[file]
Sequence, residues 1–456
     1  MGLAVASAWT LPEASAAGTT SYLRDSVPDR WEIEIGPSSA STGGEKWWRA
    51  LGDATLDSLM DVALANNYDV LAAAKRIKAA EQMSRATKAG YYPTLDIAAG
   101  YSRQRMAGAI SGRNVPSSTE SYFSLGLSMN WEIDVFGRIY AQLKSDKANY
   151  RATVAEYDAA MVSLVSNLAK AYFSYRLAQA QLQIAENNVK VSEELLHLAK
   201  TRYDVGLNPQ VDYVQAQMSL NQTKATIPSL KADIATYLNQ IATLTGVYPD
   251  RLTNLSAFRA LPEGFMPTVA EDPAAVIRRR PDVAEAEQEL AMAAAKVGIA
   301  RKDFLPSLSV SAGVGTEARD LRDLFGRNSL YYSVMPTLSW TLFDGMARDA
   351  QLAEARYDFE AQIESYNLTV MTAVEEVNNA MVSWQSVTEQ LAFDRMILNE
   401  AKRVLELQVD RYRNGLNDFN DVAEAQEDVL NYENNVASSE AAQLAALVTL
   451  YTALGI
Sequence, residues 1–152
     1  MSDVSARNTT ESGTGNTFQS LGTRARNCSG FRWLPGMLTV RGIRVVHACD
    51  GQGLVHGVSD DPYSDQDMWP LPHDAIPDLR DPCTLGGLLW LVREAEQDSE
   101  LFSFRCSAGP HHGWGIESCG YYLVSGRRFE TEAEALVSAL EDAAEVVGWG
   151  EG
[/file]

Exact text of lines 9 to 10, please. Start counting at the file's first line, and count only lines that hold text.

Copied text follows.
   351  QLAEARYDFE AQIESYNLTV MTAVEEVNNA MVSWQSVTEQ LAFDRMILNE
   401  AKRVLELQVD RYRNGLNDFN DVAEAQEDVL NYENNVASSE AAQLAALVTL